If there’s one thing the political press agreed on, it was that Chris Christie was toast, washed up, had missed his moment.
Just two months ago, the New York Times editorial page urged him to drop out, saying New Jersey was in trouble and “the governor is off pursuing a presidential run that’s turned out to be nothing more than a vanity project.”
So why are some of the other candidates suddenly beating up on Christie? Could it be that the pundits were wrong again?
The last time I interviewed Christie, he waved off his low standing in the polls by saying that no one had voted yet. He denied that he was just playing for respectability and insisted he could win the nomination. Nor did he mope when he was knocked off the main stage at the last Fox Business debate.
The governor essentially settled on a one-state strategy, camping out in New Hampshire, doing endless town halls and using his flair for retail politicking to connect with voters. Now Time says he is playing in Iowa as well: “In recent weeks, the Christie has shifted strategy as he eyes an opening in Iowa, not to win, but to place ahead of Bush.”
Quite a contrast to April 2014, when Politico ran a piece headlined “Chris Christie Is Toast” (this in reference to the Bridgegate scandal, though no evidence surfaced of his complicity). Or last April, when Joy Behar told Christie on “The View”: “You’re toast.”
Or last February, when Times columnist Gail Collins wrote: “Chris Christie is political toast.” She also had this deliciously dismissive sentence: “Chris Christie is now about as serious a presidential prospect as Donald Trump.”
Christie’s challenge is selling political experience in a year when that is anathema to many Republican voters.
These days, according to the Real Clear Politics average in New Hampshire, Christie has essentially pulled himself into a three-way tie for second place. Donald Trump leads with 26.3 percent, followed by Marco Rubio with 13.3 percent, Ted Cruz with 12 percent and Christie with 11.3 percent.
Christie is competing in the so-called establishment lane against Rubio, Jeb Bush and John Kasich to emerge as an alternative to Trump and Cruz. And that’s why he is suddenly taking a bunch of slings and arrows.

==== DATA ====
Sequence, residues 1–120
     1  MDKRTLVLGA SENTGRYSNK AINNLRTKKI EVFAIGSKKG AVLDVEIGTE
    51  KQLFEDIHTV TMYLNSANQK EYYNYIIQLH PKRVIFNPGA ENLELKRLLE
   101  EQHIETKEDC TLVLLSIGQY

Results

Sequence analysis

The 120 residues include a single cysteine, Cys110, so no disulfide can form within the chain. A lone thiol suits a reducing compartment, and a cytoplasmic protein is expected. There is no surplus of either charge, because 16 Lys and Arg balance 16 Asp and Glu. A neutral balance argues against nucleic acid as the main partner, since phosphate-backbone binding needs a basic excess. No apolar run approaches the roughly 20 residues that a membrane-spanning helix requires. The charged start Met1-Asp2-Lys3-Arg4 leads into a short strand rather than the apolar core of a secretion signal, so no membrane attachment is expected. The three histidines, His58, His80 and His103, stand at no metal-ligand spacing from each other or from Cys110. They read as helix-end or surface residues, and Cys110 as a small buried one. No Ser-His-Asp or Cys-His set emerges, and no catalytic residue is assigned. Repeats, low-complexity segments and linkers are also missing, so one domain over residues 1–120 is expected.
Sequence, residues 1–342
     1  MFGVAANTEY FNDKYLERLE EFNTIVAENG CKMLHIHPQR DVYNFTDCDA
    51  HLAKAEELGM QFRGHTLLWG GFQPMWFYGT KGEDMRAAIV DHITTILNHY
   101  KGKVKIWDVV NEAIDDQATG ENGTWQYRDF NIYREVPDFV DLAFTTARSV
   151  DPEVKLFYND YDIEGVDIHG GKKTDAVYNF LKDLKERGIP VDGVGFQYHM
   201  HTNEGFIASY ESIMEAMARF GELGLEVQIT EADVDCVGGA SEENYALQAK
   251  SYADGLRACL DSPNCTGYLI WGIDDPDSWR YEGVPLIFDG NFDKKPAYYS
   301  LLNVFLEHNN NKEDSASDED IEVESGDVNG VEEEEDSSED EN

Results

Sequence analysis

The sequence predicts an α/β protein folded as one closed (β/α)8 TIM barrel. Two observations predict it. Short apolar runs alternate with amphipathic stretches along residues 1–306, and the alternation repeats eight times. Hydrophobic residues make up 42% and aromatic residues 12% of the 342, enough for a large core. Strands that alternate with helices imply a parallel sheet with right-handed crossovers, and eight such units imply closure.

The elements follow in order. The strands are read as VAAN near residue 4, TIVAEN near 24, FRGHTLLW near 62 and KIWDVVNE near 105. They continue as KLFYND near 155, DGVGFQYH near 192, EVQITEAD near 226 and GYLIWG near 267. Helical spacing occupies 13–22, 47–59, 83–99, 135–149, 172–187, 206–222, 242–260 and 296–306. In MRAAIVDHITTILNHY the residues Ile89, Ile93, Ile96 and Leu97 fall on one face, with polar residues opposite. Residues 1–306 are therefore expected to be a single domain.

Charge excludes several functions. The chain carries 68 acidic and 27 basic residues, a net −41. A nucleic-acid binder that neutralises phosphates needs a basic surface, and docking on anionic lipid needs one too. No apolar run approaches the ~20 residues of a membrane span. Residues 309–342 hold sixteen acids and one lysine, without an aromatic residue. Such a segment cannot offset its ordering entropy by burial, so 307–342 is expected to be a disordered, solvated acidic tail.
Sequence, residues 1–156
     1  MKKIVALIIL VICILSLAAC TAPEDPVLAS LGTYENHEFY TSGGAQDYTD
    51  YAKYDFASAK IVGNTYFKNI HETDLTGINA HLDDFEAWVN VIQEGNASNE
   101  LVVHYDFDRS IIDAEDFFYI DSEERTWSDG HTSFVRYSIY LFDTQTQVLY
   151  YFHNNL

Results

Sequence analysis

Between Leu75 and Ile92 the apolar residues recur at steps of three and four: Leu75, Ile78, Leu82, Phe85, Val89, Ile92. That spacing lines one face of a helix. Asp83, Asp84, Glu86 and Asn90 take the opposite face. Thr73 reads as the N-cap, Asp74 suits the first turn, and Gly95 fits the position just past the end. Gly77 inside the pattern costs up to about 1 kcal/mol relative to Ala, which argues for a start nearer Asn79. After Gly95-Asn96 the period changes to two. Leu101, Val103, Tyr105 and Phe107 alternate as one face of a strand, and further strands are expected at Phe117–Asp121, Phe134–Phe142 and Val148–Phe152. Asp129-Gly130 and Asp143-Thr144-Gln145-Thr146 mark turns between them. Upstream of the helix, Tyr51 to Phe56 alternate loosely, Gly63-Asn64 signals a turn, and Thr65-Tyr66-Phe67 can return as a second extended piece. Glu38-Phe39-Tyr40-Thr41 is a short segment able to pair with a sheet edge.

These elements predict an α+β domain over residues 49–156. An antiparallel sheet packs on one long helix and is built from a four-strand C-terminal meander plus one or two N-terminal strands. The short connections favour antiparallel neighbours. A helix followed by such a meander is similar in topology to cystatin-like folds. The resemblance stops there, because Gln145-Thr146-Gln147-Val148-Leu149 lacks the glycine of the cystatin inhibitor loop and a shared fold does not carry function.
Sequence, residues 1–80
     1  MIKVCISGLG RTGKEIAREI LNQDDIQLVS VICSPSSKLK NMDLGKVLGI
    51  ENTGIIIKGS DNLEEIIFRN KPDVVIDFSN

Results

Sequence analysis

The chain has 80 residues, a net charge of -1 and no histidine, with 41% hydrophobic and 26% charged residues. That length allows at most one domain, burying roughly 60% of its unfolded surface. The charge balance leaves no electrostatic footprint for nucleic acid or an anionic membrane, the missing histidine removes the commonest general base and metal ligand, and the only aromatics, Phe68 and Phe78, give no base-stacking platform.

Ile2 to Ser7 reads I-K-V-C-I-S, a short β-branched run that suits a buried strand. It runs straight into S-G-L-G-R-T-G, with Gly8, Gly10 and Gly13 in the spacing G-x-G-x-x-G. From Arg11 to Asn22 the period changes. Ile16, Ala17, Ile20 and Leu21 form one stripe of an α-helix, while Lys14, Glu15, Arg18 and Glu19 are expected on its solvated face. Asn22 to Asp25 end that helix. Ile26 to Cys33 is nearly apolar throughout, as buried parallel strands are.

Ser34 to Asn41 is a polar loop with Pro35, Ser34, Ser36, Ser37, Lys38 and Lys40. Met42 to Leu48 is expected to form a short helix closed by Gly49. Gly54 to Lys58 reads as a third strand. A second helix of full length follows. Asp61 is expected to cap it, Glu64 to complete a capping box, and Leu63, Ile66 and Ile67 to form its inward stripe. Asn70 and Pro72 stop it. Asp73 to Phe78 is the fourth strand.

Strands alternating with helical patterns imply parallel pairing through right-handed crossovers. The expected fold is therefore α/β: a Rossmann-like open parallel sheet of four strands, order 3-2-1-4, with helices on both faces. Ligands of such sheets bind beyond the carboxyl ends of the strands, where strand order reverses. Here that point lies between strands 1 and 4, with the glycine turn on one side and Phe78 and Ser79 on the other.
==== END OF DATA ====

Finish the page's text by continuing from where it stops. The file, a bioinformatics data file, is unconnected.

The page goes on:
Rubio’s Super PAC just released an ad that begins, “Chris Christie could well be Obama’s favorite Republican governor.” The spot whacks him for supporting Common Core and “incredibly” even backing Obama’s Medicaid expansion (as a number of other GOP governors have done). Christie whacked him hard in response yesterday, telling the Washington Post that the senator is "trying to slime his way to the White House." Rubio has also hit back at Christie’s slam against his Senate absenteeism, saying the governor has missed plenty of work in his home state.
Kasich’s Super PAC did a spot comparing Ohio’s budget surplus to New Jersey’s $10-billion deficit. And Bush’s Super PAC has a “Three Governors” ad contrasting his Florida record with those of Christie and Kasich.
Christie, for his part, has been trying to position himself as a political grownup, accusing Obama of acting like a “petulant child” on gun control and stressing the terrorism cases he handled as a federal prosecutor. His case against Trump: “It’s not enough to express anger. We must elect someone who actually knows how to get things done.” His shorthand version: “Showtime is fun,” meaning it’s now time to get serious.
Even if Christie does well in New Hampshire, he doesn’t have much going in the states after that. He implicitly conceded the point, telling reporters: “The idea is, if you do well in Iowa and New Hampshire, you will have momentum, and I’m not worried about what will happen after that.”
With Trump and Cruz the clear front-runners, it’s not clear whether Christie will have the staying power he needs. But his recent progress is a reminder that the media too often write premature political obituaries.